Navy wants to patent a pirate probability system

Navy wants to patent a pirate probability system

The Navy is building a pirate probability system to help combat crimes on the open seas that cost the U.S. maritime industry up to $16 billion a year.

The artificial-intelligence-based system uses forecasts on ocean waves and currents coupled with intelligence data on pirates, including where known criminal groups' stations are based, how many people they usually travel with and their favorite spots to attack. The Navy has filed a patent application for the technology, which it says may one day could help ships recognize a threat ahead of time, according to Science Alert.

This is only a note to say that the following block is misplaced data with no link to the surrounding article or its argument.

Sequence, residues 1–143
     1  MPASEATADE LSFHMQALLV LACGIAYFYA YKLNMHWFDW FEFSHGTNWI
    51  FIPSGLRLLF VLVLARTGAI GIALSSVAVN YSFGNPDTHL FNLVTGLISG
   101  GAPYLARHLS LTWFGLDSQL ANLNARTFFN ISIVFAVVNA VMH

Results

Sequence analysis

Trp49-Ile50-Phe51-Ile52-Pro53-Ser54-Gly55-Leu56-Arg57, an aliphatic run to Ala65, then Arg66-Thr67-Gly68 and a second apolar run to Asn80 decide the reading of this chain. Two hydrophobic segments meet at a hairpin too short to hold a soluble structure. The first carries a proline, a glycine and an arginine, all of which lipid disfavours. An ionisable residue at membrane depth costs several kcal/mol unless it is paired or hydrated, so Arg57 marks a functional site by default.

Depending on the outcome, the Navy suggests the system also could be used to predict the probability of other activities that are subject to meteorological and environmental conditions, such as anti-narcotics efforts, undersea warfare operations, mine warfare operations and human trafficking interdiction.

About the Author

Derek Major is a former reporter for GCN.


  • Russia prying into state, local networks

    A Russian state-sponsored advanced persistent threat actor targeting state, local, territorial and tribal government networks exfiltrated data from at least two victims.

  • Marines on patrol (US Marines)

    Using AVs to tell friend from foe

    The Defense Advanced Research Projects Agency is looking for ways autonomous vehicles can make it easier for commanders to detect and track threats among civilians in complex urban environments without escalating tensions.

Stay Connected